For all decisions that are not official GSIP proposals, those ‘present’ (those in the Skype meeting or who bother to respond to an email within 4 days) are given the power to vote and decide an issue. The same voting procedures are used, but any vote that meets a -1 from any party present (even a new user), should go to a GSIP.


Responsibilities of PSC members fall into the following categories:

  1. Operations

  2. Planning


Day to day project management. Duties include:

Mailing List Participation

PSC members are expected to be active on both user and developer email lists, subject to open-source mailing list etiquette of course.

It is a requirement that all PSC members maintain good public visibility with respect to activity and management of the project. This cannot happen without a good frequency of email on the mailing lists.


Biweekly Skype Meeting Attendance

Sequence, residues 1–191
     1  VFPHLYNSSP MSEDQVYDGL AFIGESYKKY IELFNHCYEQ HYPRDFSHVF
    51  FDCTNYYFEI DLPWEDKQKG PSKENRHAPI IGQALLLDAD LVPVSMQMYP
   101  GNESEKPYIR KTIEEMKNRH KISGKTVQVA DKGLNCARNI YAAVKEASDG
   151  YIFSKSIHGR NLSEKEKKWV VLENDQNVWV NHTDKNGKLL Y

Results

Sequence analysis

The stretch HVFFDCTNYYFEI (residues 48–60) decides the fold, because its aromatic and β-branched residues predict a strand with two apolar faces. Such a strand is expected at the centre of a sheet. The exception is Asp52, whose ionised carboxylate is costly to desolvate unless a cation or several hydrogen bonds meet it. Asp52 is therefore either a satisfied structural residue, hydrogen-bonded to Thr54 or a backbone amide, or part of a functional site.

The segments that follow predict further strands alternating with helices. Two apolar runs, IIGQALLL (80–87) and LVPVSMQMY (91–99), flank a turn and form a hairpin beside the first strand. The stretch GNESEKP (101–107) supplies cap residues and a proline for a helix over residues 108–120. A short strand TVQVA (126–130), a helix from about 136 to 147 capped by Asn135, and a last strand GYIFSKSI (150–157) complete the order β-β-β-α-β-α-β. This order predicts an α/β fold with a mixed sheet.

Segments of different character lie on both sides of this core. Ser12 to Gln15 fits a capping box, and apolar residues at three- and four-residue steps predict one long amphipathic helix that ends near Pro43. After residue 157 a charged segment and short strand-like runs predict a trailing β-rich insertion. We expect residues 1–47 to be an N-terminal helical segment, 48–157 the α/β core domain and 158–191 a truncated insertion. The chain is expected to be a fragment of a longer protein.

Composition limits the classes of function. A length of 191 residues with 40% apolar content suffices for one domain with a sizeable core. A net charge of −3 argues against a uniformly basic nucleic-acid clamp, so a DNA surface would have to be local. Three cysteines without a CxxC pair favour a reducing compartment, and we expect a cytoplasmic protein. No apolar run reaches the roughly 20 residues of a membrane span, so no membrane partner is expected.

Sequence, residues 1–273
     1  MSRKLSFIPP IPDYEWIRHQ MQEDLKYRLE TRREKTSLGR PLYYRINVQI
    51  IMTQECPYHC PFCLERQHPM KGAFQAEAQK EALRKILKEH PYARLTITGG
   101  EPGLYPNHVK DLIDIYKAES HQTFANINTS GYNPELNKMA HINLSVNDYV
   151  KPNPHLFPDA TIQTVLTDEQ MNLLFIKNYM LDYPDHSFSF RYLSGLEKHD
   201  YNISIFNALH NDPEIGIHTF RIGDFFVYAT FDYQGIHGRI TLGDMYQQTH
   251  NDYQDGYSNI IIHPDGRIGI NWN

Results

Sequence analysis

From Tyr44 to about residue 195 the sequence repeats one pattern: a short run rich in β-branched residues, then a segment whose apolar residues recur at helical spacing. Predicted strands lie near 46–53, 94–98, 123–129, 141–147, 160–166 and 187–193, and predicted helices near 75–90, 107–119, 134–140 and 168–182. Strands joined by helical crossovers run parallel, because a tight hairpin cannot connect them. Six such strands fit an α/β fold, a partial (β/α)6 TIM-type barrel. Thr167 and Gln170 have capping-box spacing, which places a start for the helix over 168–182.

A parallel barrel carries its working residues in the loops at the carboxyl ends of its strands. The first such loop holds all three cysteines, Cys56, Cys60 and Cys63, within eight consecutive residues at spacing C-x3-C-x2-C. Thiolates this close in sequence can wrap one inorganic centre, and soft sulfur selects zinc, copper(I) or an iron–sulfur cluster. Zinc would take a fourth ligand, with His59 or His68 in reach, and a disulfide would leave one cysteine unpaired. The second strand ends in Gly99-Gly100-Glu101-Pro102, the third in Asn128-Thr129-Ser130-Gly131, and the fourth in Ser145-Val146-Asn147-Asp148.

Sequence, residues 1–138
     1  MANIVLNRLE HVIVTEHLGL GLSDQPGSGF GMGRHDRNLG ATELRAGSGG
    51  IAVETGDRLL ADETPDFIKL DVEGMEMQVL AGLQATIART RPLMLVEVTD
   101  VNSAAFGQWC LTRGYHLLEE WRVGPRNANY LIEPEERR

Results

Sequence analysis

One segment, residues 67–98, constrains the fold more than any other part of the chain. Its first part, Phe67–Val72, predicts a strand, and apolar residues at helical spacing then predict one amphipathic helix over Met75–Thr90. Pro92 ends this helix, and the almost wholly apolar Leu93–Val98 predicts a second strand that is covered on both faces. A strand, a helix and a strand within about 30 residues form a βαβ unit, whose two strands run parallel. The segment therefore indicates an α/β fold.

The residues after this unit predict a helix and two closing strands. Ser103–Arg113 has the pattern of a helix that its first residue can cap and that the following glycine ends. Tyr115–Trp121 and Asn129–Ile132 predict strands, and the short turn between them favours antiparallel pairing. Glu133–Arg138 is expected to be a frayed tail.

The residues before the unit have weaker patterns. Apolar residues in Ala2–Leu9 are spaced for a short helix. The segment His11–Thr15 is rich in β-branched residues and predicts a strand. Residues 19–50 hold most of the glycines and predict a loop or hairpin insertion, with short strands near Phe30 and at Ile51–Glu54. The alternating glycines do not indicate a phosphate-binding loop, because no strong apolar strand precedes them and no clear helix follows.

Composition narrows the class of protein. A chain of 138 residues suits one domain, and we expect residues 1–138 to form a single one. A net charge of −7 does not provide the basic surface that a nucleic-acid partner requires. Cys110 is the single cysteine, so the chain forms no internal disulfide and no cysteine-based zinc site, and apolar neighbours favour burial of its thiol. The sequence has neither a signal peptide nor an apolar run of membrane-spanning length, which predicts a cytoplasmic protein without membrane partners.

PSC members are encouraged to attend one of biweekly Skype meetings. Of course this is not always possible due to various reasons. If known in advance that a member cannot attend a meeting it is polite to email the developer list in response to the meeting reminder. No reason need to be given for not attending the meeting.

Meetings are a chance to quickly discuss project activities, review difficult pull requests, and cut down on email.


Long term project management. Duties include:

Guiding Major Development Efforts

PSC members are expected to help guide the major development efforts of the project. This may include deciding which development efforts should receive priority when different efforts are in conflict.

The PSC has the right to veto any proposed development efforts.

A major development effort which is intended to become part of the core of GeoServer can be proposed by any interested party, PSC, or non PSC. However, the effort must be approved by the PSC before it can begin.

Project Policies

The PSC is responsible for defining project policies and practiced. Examples include:

  • Development Practices

    • Code Reviews

    • Intellectual Property

    • Documentation Requirements

    • Commit Access

    • Testing Requirements

    • Branch Culture

  • Release Procedures

    • Frequency

    • Version numbering

    • Stable vs R&D